WOLWEDANS IN DIE skemer (the popular afternoon serial by Leon van Nierop) was my programme, as a child,” says Kobus Burger, executive director for drama on Radio Sonder Grense (RSG), South Africa’s Afrikaans-language Public Broadcasting Service, which is under the aegis of the SABC. “If I missed an episode, it was a very serious matter.”  Radio is alive and well in this society, or is it? Burger chatted to My View about the station’s upcoming season of radio dramas, which starts on March 30 as well as the challenges of the medium.

Drama has always been close to Burger’s heart; he’s enjoyed stints as an art critic and a teacher of writing skills in his career trajectory. Indeed, he initiated the RSG Kunstefees, an arts festival all on radio, in November of 2014. It was a fascinating initiative which brought theatre fare into your life through the wireless. No jackets required. Sadly, the festival was put on a back burner, last year.

“It was budget that put this project on hold,” he says. “It was a lovely project but not part of our mandate. It was part of our innovation strategy, but not a must have. Last year we followed it up with a smaller boutique festival, called RSG Skatkis. And hopefully, if there is funding, RSG Kunstefees will be back.”

Curiously, RSG’s listenership comprises people who might not be fluent Afrikaans speakers. Burger explains that they listen because it is good quality programming and there’s something for everyone. Built on a model which evokes Springbok Radio (1950-1985), it’s a medium which warms the cockles of people’s hearts and hits on the nostalgia button, every time.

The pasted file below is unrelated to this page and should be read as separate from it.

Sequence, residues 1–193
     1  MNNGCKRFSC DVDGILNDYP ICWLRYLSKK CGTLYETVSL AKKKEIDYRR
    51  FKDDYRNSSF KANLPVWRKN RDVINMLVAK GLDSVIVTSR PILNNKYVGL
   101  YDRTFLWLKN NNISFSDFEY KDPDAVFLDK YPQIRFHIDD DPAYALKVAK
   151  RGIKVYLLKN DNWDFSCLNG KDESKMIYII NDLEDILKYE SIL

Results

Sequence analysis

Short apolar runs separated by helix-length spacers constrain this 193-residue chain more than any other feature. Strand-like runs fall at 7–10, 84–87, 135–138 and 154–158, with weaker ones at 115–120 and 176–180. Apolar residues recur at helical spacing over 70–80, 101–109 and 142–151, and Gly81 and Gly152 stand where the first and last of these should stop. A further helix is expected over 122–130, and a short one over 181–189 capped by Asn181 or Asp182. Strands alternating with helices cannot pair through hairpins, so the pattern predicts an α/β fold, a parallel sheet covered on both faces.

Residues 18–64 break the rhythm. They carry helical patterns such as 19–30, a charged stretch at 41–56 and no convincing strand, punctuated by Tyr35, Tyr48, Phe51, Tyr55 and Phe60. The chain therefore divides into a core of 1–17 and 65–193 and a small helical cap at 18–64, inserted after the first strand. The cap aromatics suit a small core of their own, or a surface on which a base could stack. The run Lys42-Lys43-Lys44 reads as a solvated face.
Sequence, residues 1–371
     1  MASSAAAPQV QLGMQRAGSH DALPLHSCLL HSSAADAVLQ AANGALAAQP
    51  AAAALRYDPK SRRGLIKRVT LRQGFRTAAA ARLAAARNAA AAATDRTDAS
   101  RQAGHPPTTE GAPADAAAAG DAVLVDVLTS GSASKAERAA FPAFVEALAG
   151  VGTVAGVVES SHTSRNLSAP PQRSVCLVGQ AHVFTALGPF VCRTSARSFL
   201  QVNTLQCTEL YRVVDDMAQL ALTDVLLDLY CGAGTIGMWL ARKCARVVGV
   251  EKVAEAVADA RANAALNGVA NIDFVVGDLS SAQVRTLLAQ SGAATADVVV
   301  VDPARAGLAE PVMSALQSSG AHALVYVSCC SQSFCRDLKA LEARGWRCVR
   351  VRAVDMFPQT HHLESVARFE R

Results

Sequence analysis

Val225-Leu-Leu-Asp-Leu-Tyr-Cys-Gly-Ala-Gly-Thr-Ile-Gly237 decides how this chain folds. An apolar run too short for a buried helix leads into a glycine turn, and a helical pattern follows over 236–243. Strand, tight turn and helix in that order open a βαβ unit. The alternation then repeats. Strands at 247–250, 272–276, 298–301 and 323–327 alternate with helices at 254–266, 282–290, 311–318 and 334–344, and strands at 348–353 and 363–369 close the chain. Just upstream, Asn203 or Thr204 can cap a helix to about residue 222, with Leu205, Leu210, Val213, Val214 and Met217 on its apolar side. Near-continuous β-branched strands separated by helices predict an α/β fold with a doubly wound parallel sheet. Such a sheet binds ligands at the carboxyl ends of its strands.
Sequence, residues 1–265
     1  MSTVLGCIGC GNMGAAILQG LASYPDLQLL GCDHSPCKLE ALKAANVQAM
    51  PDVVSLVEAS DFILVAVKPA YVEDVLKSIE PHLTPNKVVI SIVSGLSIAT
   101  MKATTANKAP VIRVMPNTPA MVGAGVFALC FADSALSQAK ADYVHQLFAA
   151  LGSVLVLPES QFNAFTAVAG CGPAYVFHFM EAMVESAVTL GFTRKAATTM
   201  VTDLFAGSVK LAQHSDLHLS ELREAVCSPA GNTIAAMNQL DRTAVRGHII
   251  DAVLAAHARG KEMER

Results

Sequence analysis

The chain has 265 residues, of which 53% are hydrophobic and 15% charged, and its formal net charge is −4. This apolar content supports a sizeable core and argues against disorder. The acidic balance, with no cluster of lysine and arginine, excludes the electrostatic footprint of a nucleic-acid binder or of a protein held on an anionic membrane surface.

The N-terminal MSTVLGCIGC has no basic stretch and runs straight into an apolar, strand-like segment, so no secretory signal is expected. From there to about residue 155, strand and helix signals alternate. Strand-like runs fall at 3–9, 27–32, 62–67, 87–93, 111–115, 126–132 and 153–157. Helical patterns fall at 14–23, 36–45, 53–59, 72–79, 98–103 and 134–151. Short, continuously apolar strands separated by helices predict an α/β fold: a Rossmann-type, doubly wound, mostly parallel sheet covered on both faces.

“Audio is so amazing, particularly in South Africa,” he adds. “Video is much more expensive and inconvenient because of the priceyness of data. The research says radio is still the most accessible, because people don’t always have access to TV.

“It’s immensely creative and completely non-visual. And with these kinds of limitations, you can do amazing things. You can go anywhere, do anything. It’s never a budget issue, because with audio you can literally travel to the moon, and back.”

From March 30 (Good Friday), a season of 14 Afrikaans plays will grace your radio. A play is broadcast each Thursday evening at 8pm – after Easter Friday, that is. The season begins with an Easter play by Helena Hugo – which is part of the station’s mandate. Then, with the exception of a translation of Henrik Ibsen’s A Doll’s House, directed by Suzanne van Wijk, the season is rich with brand new names and fabulous yarns written by winners of the radio drama writing competition which has been sponsored by Sanlam for the past 22 years.